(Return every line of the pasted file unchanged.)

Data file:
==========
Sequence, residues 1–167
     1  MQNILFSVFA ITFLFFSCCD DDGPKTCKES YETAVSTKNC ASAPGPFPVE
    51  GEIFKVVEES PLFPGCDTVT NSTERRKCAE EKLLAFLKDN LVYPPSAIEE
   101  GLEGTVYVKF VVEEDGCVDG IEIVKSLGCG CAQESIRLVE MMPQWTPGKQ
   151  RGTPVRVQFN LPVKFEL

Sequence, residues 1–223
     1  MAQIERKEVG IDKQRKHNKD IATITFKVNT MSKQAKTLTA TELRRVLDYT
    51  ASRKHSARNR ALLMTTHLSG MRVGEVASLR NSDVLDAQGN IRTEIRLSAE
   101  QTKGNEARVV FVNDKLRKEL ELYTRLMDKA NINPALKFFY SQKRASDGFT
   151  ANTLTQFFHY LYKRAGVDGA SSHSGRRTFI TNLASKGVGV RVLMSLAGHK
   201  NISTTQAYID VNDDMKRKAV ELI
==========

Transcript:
Sequence, residues 1–167
     1  MQNILFSVFA ITFLFFSCCD DDGPKTCKES YETAVSTKNC ASAPGPFPVE
    51  GEIFKVVEES PLFPGCDTVT NSTERRKCAE EKLLAFLKDN LVYPPSAIEE
   101  GLEGTVYVKF VVEEDGCVDG IEIVKSLGCG CAQESIRLVE MMPQWTPGKQ
   151  RGTPVRVQFN LPVKFEL

Sequence, residues 1–223
     1  MAQIERKEVG IDKQRKHNKD IATITFKVNT MSKQAKTLTA TELRRVLDYT
    51  ASRKHSARNR ALLMTTHLSG MRVGEVASLR NSDVLDAQGN IRTEIRLSAE
   101  QTKGNEARVV FVNDKLRKEL ELYTRLMDKA NINPALKFFY SQKRASDGFT
   151  ANTLTQFFHY LYKRAGVDGA SSHSGRRTFI TNLASKGVGV RVLMSLAGHK
   201  NISTTQAYID VNDDMKRKAV ELI